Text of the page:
GALEN ON GUITAR (BRUNCH) —Courtyard Marriott, 100 Charlotte Ave., Carolina Beach; (800) 321-2211 BLACK TUSK, NO TOMORROW, SALVACION —Soapbox Upstairs, 255 N. Front St.; 251-8500 RIVERFEST: DAMONA WAITS, STEVE MARTINEZ —Riverfront Park; Water St. Wilmington NC,452-3775 DJ CED —The Rhino Club, 125 Market St.; 762-2206 DJBE KARAOKE UGLY —The Whiskey, 1 S. Front St.; 763-3088 JAM WITH BENNY HILL —Rusty Nail, 1310 S. 5th Ave.; 251-1888 KARAOKE —Green Light Lounge; 21 N. Front St., Basement KARAOKE W/ DJ BATTLE —Fibber McGee’s, 1610 Pavilion Pl; 509-1551 BIBIS AND THE SPARE CHANGE BAND —Bluewater Grill, 4 Marina St.; 256-8500

MONDAY, OCTOBER 4 BRETT JOHNSON’S JAM —Rusty Nail, 1310 S. 5th Ave.; 251-1888 OPEN MIC NIGHT —Bottega Gallery, 208 North Front St.; 763-3737 DJ RICHTERMEISTER —Wild Wing Cafe, 1331 Military Cutoff; 256-3838 JAMES JARVIS & FRIENDS (7PM-8PM) —The Harp; 1423 South 3rd St.,763-1607 DJ TIME —Trebenzio’s, 141 N. Front St.; 815-3301 OPEN MIC NIGHT —Duck & Dive, 114 Dock Street, 399-2866 DJ DANE BRITT —Rum Runners, 21 N. Front St.; 815-3846 OPEN MIC NIGHT —Reel Cafe, 100 S. Front St.; 251-1832 OPEN MIC W/ BEAU —16 Taps, 127 Princess St.; 251-1616

TUESDAY, OCTOBER 5 BENNY HILL —Aubriana’s; 115 S. Front St., 763-7773 OPEN MIC NIGHT —Mellow Mushroom, 4311 Oleander Drive; 452-3773 RON DALLAS (7PM-10PM) —Caffe Phoenix, 9 S Front St.; 343-1395 KARAOKE —Rumors, 5712 East Oak Island Dr., Oak Island, NC OPEN MIC NIGHT —Surf’s Bar & Grill; 5500 Market St., 791-9021 JOHNNY ACOUSTIC —Reel Cafe, 100 S. Front St.; 251-1832 KARAOKE W/ DJ DANE BRITT —Beach House Bar ‘n’ Grill, 7219 Market St.; 689-7219

DANE BRITT KARAOKE —Beach House Bar ‘n’ Grill, 7219 Market St.; 689-7219 DJ “MR LEE” —Carolina Lounge, 5001A Market St.; 791-7595 DJ EYECON —SideBar; 18 S. Front St., 763-1401 KARAOKE KONG —16 Taps, 127 Princess St.; 251-1616 CAPE FEAR BLUES JAM —Rusty Nail, 1310 S. 5th Ave.; 251-1888 ACE ELIJAH —Juggling Gypsy Cafe, 1612 Castle St.; 763-2223 RADIO HAYES AND ECHOPOINT21 —Goat and Compass, 710 N. 4th St.; 772-1400 NUTT HOUSE IMPROV —Nutt Street Comedy Room, 255 N. Front St.; 251-8500 KARAOKE —Katy’s, 1054 S. College Rd.; 395-6204 KARAOKE —Yosake Sushi Lounge, 31 S. Front St.; 763-3172 BIBIS ELLISON AND THE SPARE CHANGE BAND —The Whiskey, 1 S. Front St.; 763-3088 KARAOKE WITH BOB CLAYTON —Midtown Seafood, 4106 Oleander Dr.; 792-6880 JAMES JARVIS & FRIENDS (7PM-8PM) —The Harp; 1423 South 3rd St.,763-1607 THE BIL KRAUSS SHOW —Dead Dog Saloon, 760 Coastal Grand, Myrtle Beach, SC; 843-839-3647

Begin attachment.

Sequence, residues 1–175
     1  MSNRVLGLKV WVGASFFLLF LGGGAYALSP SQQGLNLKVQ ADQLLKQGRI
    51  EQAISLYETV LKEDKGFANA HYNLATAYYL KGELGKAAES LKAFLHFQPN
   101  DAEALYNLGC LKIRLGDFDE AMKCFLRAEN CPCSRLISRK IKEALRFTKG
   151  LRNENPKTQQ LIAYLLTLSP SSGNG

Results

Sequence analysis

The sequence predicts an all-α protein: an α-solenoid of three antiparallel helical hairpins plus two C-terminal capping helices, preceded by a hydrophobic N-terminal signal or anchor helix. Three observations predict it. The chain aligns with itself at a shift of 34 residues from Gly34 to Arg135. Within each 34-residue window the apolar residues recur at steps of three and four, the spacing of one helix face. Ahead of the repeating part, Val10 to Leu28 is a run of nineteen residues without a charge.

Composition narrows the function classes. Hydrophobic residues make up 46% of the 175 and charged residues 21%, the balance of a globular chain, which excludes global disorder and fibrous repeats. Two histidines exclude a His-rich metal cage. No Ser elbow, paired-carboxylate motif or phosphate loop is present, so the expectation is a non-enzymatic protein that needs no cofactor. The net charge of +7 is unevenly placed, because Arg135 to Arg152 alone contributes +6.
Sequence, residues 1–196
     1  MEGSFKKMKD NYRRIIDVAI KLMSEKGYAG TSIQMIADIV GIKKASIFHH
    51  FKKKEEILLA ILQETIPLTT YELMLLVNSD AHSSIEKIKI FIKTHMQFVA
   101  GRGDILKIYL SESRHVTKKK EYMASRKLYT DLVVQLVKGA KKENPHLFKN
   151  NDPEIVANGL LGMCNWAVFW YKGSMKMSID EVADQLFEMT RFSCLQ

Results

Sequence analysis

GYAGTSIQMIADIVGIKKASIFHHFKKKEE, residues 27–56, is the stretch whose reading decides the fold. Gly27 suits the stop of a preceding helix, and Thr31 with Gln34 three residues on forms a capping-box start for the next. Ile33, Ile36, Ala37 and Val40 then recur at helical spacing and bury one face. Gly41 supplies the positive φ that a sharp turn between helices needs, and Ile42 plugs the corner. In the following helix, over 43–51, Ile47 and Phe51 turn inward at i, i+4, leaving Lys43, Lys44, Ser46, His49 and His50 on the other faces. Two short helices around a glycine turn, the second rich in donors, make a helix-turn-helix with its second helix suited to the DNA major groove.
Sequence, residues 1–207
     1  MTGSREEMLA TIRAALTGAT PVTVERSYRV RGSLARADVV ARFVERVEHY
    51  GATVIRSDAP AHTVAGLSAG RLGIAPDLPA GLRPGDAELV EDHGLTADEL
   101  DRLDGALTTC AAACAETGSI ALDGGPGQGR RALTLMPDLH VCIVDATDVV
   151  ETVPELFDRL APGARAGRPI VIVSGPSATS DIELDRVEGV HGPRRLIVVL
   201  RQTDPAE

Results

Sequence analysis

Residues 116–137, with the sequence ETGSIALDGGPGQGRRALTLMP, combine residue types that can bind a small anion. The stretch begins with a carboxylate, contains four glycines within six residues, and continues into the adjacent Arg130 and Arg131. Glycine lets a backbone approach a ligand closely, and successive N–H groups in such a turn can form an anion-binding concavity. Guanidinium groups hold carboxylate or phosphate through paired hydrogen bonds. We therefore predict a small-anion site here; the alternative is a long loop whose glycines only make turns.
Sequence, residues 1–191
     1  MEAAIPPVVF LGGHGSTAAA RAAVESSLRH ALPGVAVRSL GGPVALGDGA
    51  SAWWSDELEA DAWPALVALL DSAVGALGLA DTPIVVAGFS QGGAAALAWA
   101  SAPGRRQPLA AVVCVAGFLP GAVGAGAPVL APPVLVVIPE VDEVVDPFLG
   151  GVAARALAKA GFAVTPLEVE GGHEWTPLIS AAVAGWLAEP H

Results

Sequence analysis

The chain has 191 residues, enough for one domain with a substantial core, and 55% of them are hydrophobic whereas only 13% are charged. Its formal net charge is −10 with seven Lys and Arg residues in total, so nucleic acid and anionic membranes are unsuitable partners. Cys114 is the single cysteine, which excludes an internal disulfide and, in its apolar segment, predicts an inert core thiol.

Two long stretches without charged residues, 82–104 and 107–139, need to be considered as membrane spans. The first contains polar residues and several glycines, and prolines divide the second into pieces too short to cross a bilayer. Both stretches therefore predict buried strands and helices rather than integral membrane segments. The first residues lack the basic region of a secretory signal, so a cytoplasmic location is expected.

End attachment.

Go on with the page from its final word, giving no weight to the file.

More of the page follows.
WEDNESDAY, OCTOBER 6 OPEN MIC W/ GARY ALLEN —Rusty Nail, 1310 S. 5th Ave.; 251-1888 DJ TIME —Pravda; 23 N. Front St., Wilmington BIBIS ELLISON AND TIM BLACK —Aubriana’s; 115 S. Front St., 763-7773 KARAOKE —Katy’s, 1054 S. College Rd.; 395-6204 OPEN MIC W/ SEAN GERARD (9PM) —Soapbox Lounge, 255 N. Front St.; 251-8500 BANGARANG W/ LORD WALRUS & SIR NICK BLAND —Red Dogs, 5 N. Lumina Ave., Wrightsville Beach; 256-2776 MARK HERBERT & GABRIELLE —Green Light Lounge; 21 N. Front St., Basement DJ P. FUNK —Fibber McGee’s, 1610 Pavilion Pl; 509-1551 DJ JUICE —The Rhino Club, 125 Market St.; 762-2206 KARAOKE —Ibiza, 118 Market St.; 251-1301 DUALING PIANOS & LEE HAUSER —Rum Runners, 21 N. Front St.; 815-3846

Show Stoppers: Concerts around the region THE ORANGE PEEL

101 BILTMORE AVENUE ASHEVILLE, NC (828) 225-5851 10/1: Yard Dogs Road Show 10/2: Brian Posehn (Comedian) 10/4: Rogue Wave & Midlake, Peter Wolf Crier 10/5: Blitzen Trapper, Fruit Bats & Pearly Gate Music

VERIZON WIRELESS AMPHITHEATRE 707 PAVILION BLVD. CHARLOTTE, NC (704) 549-5555 10/1: Sugarland, Little Big Town, Randy Montana

ROAD RUNNER MOBILE AMPHITHEATRE 820 HAMILTON STREET CHARLOTTE, NC (704) 549-5555 10/6: Stone Temple Pilots (photo)


10/1: The Breakfast Club, Radio Fury 10/2: Eric Benet 10/5: The Gracious Few, American Bang 10/6: Capleton, Munga, Romaine Virgo, Kulcha Knox